As representing the USA, it is fitting and traditional that he gives a very potted summary of the state of his nation, on the one hand a country battered by hurricanes and on the other a country resolutely and successfully climbing out of economic doldrums. He doesn’t waste the opportunity to point out that the economic turnaround began with his accession. The Dow Jones had been rising for a time before he entered the Oval Office; but it has accelerated since, along with growth and employment. Crime and food-stamp usage have travelled in the opposite direction.

He is much beloved of triads, and I don’t mean oriental crime syndicates. They are scattered all over this speech. “Peace, sovereignty, and prosperity”, “strong, independent, and free”, and so on. They are everywhere, and the commonest ingredient seems to be “sovereignty”. I was put in mind of my own triad in this blog posting almost exactly a year ago where I pointed out that in eight years the previous administration had seen the U.S. become “less free, less safe, and less prosperous”.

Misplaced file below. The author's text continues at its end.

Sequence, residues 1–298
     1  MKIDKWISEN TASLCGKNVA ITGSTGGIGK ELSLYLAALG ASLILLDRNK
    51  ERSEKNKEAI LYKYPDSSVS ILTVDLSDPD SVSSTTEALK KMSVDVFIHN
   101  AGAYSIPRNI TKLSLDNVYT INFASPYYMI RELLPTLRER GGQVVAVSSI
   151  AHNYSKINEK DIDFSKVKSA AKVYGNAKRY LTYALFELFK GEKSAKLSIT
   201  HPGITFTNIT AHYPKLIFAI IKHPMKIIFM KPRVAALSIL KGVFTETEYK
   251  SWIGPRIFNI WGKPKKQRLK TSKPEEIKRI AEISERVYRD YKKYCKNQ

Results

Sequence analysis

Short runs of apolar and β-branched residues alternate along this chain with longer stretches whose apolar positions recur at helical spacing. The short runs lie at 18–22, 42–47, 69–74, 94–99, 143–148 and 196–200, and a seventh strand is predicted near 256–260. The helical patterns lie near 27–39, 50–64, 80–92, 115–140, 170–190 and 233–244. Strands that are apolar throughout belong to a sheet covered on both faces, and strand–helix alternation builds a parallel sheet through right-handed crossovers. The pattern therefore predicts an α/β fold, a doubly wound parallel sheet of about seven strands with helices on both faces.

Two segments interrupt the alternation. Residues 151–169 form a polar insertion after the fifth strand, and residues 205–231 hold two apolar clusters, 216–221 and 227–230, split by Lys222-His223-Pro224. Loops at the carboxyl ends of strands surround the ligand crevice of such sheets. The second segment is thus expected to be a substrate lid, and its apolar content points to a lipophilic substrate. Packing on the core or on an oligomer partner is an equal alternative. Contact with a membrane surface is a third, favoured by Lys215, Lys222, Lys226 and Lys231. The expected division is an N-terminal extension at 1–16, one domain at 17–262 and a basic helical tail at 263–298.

At 02:55 I am impressed with Trump’s presence of mind when he switches between TelePrompter screens, misreads a word and seamlessly corrects himself. Later it happens again, and then again. It goes on happening, always the same type of misreading. With my trainees, whenever asked, I tell them how skilled are operators of this sort of equipment, always holding station with the speaker. I think we can safely assume that the United Nations, and/or the White House, have the most skilled of all, yet it seems here that repeatedly Trump’s screens get just behind him. I hesitate to add to the huge heap of conspiracy-theory-rumours that surround this presidency, but I sense a slight odour of the subtlest of sabotage coming off this. Completely unprovable and, probably by anyone other than a saddo like me, unnoticed.